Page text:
Currently in development are noncontact connectors, smart connectors, and molecularly engineered materials.
Current connectors are limited by their need for precise mating: Typically, metal-to-metal contact or optical fiber alignment is needed for a reliable connection. Any material, configuration, or technology that could reduce or eliminate the need for precise, forced mating without sacrificing performance or reliability could radically alter the concept of interconnection. Some possibilities are: memory-less gel materials; self-aligning lightwave coupling; capacitive or inductive coupling; and radio-frequency, digital-modulation coupling.
Just imagine how a non-contact connector for power could alter the world.
Smart connectors incorporate active elements--ICs, sensors, discrete components--within their structure. Such connectors could allow integration of communications hardware into the connector module and simplify the internal system architecture. They could also provide convenience to end-users trying to interconnect myriad communications and computing systems. Smart power connectors could make the type of power source irrelevant, thus enhancing the concept of portable equipment.
Many researchers are investigating a broad array of molecularly engineered materials, both organic and inorganic, that have potential electronic or optoelectronic applications. One category of such materials can create "quantum dots"--clumps of matter less than 20 nanometers wide (about the length of a string of 60 silicon atoms). Quantum dots can form a "quantum well," which can geometrically confine a single electron, and have potential applications in high-power lasers, high-speed switching, and computer logic.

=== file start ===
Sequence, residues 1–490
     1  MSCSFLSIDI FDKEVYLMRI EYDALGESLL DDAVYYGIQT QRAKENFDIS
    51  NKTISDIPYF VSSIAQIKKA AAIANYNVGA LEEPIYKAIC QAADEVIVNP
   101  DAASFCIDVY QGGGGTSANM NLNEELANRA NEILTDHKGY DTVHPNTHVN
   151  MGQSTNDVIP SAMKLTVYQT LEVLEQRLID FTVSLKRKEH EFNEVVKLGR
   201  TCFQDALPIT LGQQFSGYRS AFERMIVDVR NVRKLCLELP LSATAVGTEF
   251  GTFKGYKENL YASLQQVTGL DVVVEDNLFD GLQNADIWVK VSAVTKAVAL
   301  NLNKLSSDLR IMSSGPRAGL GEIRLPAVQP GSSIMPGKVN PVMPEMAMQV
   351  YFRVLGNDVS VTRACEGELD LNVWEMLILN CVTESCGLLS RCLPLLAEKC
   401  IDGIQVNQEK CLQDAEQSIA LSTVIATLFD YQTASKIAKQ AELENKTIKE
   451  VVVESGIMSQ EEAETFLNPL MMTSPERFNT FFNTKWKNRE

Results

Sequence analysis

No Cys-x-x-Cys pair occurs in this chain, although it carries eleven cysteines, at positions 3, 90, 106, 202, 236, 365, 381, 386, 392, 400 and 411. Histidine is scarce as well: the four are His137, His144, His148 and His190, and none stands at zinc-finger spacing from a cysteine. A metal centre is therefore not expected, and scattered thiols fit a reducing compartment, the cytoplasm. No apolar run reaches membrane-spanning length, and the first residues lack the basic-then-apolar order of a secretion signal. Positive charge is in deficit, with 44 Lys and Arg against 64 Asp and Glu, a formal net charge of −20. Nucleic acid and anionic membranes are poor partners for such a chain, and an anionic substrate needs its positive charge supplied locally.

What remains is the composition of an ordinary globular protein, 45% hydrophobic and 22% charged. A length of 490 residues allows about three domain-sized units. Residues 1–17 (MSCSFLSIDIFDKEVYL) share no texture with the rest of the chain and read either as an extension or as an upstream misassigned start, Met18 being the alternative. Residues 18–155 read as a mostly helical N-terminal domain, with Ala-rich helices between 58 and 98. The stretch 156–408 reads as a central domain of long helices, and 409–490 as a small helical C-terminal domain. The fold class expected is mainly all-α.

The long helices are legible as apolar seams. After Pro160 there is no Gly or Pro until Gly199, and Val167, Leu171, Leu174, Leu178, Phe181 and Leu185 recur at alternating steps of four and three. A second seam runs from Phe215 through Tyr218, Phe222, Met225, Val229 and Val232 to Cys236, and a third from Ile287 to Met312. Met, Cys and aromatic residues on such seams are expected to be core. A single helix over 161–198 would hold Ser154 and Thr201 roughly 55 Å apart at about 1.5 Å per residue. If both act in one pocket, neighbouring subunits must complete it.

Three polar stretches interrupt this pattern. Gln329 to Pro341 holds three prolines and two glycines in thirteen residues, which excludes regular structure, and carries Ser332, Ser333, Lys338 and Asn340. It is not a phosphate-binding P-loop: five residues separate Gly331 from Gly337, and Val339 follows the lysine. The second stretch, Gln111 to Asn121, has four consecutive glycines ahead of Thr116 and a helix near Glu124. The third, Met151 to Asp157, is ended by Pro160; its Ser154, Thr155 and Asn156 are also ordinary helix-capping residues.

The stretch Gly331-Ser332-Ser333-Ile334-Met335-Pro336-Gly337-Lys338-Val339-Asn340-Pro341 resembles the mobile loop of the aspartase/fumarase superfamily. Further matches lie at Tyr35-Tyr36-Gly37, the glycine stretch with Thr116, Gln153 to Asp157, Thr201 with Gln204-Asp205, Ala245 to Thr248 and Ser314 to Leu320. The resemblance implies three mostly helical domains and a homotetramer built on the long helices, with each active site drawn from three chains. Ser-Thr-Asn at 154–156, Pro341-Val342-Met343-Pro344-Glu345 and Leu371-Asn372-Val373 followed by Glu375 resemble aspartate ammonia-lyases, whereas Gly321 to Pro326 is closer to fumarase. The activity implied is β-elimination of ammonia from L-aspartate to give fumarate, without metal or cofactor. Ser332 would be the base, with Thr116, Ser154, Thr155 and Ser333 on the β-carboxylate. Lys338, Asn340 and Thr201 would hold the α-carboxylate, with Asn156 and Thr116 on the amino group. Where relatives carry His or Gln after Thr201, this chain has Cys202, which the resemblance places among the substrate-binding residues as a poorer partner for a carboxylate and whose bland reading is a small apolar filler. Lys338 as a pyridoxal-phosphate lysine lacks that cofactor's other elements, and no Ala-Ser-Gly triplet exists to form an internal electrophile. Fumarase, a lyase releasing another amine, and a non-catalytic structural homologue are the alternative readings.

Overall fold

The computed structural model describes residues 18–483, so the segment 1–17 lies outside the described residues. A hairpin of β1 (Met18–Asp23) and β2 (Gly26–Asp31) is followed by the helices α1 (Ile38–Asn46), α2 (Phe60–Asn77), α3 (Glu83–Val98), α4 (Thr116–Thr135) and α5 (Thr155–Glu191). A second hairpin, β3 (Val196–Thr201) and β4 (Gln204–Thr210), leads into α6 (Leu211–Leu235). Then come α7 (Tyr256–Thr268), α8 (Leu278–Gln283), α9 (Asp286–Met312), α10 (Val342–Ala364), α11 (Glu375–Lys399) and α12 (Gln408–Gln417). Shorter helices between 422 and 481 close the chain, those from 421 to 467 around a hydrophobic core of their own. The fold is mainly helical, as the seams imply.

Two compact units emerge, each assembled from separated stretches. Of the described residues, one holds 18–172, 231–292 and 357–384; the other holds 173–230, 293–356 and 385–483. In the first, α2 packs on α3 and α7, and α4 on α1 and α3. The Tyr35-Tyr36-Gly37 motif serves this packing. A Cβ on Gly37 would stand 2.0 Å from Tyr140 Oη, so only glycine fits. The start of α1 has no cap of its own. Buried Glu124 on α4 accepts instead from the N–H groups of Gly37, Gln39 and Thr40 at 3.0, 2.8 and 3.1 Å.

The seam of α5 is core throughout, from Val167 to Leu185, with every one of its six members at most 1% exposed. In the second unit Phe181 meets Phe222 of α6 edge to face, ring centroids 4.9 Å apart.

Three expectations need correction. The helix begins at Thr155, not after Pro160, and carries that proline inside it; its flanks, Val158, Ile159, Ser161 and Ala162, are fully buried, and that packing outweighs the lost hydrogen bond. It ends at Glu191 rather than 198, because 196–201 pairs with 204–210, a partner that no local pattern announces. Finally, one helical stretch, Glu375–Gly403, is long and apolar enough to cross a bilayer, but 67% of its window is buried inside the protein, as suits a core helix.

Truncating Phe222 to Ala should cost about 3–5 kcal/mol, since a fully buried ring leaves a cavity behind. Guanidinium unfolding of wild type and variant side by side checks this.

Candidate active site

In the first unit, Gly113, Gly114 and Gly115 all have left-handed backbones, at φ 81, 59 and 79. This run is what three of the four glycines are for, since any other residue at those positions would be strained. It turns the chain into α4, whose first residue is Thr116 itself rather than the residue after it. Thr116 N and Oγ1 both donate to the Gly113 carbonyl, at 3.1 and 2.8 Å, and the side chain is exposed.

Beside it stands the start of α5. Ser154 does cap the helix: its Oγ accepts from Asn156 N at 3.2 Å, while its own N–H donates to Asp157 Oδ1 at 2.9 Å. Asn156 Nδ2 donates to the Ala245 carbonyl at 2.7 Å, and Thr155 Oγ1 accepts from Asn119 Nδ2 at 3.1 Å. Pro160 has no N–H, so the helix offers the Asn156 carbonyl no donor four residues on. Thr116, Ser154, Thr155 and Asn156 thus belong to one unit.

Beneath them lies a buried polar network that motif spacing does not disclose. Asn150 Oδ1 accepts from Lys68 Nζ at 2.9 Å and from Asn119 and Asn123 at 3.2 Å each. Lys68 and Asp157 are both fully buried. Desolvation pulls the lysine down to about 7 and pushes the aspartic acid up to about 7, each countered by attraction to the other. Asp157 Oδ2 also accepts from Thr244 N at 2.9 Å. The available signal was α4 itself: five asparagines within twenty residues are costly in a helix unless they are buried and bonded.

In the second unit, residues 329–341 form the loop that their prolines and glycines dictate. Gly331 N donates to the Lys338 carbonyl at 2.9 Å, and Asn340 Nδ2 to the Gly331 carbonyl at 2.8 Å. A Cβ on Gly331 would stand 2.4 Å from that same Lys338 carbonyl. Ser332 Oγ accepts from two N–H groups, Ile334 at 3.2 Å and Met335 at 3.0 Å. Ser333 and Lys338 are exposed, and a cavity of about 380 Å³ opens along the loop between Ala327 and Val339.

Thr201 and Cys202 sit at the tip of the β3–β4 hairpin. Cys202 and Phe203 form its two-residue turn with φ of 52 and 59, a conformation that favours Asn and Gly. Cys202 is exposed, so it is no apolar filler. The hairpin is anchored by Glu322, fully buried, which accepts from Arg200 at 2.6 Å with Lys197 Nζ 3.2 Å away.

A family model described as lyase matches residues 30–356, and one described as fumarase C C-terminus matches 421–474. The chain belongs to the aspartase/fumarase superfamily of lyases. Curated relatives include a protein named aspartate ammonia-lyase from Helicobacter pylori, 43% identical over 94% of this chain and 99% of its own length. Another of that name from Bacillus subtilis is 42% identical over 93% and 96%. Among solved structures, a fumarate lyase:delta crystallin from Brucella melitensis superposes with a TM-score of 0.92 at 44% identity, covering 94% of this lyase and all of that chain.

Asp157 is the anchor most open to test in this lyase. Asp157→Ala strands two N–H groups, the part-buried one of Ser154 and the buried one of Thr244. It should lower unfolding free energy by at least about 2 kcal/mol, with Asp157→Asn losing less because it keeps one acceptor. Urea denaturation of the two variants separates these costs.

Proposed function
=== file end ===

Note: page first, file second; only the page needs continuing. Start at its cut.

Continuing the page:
Recent research has shown that the organic compound chlorophyll, used by plants to convert sunlight into sugars via photosynthesis, also works as a molecular switch. It can shift electrons over a small distance in about a picosecond. Other organic molecules have the potential for data storage with densities of 1011 to 1014 bits/cm2.
A massive challenge for systems and connector engineers in harnessing these potentially useful molecular and quantum mechanical devices is to find viable I/O interconnection mechanisms.
As we progress into the next millennium, we are bound to see major advances in bioengineering. A precursor of things to come is the nerve chip being developed by scientists at Stanford University Medical Center with support from the Veterans Administration. It is an interconnection between individual nerve cells and a computer, which can control artificial hands, regenerate damaged nerves, and could enhance human capability in other ways.
Understanding the dynamics of interconnection is as important for system designers as it is for connector designers. The two are increasingly dependent on one another to achieve common goals of reliable, functional, cost-effective systems. Keeping an eye on the evolution of connector technology is particularly important to the success of both disciplines.
A lesson can be learned from Wayne Gretzky, one of hockey's greatest players, who once said: "'I skate to where the puck is going to be, not where it has been." The same principle should be applied to design.